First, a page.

Wow, I live in Louisiana and was wondering why friends in other states could get paid to care for their child, but my friend was caring for a 25 year old daughter and her father in law and could not get help for either.
      Louisiana was always hurt under the law.

      My dr said that when it went into effect, 40,000 prople were eligible for Medicaid (due to health, income, or other reason).
      On that day, over 20,000 doctors decided to stop taking the plan.

      I was finally ably to get a family member in the plan after fighting for years. Only to find out that she could not get a doctor. No longer taking patients. So she is still going to charity.

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  5. Hi Katie,
    A few of us at MomsRising saw your post and thought it’d be great to be in touch with you. Could you shoot me an email if you’d like to be in touch?
    Thanks so much!
    Anita

    Like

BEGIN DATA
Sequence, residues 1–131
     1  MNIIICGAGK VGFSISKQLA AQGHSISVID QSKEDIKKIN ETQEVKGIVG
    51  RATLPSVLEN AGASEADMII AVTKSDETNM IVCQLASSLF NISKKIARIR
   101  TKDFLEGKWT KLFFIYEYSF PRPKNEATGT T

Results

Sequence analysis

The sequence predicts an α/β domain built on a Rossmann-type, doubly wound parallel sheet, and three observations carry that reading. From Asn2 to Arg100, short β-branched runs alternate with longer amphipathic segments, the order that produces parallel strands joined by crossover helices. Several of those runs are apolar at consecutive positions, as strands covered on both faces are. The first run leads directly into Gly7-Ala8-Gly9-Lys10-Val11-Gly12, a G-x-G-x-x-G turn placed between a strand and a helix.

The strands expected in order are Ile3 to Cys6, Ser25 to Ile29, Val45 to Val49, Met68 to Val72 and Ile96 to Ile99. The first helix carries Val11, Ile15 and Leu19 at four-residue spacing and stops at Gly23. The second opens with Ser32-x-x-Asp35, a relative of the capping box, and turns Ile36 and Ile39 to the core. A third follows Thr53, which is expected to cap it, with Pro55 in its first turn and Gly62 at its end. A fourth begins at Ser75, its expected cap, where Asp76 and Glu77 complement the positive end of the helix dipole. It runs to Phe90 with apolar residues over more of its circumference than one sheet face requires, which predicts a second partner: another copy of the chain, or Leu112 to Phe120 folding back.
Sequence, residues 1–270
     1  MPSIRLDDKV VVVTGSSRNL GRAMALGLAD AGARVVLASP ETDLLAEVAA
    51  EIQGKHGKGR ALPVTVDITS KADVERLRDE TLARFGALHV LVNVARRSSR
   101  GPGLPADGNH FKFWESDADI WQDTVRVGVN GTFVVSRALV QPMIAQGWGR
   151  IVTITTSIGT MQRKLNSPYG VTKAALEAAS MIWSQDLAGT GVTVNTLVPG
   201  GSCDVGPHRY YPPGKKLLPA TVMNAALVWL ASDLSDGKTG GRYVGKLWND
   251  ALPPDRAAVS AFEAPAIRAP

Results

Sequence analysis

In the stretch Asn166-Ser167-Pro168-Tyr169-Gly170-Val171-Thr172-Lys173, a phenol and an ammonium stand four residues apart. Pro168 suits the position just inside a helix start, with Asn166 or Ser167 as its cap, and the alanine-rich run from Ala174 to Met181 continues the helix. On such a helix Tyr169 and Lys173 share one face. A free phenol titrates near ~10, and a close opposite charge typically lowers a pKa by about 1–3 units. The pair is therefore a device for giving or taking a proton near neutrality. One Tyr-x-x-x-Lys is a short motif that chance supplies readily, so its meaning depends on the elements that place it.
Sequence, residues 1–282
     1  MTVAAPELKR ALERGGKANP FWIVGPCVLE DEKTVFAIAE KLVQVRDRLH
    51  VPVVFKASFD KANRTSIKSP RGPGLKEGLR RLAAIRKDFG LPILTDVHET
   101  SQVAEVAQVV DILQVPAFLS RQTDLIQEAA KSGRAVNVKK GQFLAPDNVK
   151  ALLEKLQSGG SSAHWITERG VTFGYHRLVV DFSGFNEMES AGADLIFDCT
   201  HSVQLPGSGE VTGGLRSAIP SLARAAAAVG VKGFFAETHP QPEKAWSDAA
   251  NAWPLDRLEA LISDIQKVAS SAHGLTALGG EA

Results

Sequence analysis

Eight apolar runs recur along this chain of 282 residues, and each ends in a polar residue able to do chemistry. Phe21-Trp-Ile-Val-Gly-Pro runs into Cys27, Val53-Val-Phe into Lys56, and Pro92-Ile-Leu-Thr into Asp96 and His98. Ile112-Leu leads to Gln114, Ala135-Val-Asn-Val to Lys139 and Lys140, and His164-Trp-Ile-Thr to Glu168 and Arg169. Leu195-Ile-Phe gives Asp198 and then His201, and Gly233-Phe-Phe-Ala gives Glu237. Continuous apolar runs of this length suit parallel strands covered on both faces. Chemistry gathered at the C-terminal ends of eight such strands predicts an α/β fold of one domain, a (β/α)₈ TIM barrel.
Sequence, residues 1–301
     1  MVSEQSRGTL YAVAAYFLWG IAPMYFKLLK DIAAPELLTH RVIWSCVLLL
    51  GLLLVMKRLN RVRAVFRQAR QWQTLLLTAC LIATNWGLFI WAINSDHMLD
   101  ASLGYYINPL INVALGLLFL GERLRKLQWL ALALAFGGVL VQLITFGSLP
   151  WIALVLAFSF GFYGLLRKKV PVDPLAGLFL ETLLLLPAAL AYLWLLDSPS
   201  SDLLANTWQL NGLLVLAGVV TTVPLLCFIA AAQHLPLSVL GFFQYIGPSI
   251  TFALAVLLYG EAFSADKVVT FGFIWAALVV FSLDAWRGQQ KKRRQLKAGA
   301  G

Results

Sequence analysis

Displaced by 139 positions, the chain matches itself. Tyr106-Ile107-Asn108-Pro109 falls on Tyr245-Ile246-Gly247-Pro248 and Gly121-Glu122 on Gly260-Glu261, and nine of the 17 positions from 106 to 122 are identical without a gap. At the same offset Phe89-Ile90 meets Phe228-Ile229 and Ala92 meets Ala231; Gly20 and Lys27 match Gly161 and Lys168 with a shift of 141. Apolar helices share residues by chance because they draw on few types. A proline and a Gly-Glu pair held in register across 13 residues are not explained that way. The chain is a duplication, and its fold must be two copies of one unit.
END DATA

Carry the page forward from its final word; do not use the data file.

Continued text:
6. I am glad I saw this article so that I can share this Mother’s story. I was in and out of hospital with brittle diabetes since 3 years old and my Mom never left my side. We were fortunate that my Mom had a good paying job with “cadillac” health insurance. I want every child to have all of the support that I did. It was a rude awakening when I aged out of my Mom’s health insurance. I live with stress every day about how I’m going to make ends meet. Kids pick up on things. When the family is struggling, they take things on emotionally that we might not even realize. Thanks for sharing this. Keep up the good work.

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    1. I am so sorry you live with that fear! Just know there are many of us fighting for you every day!

      Like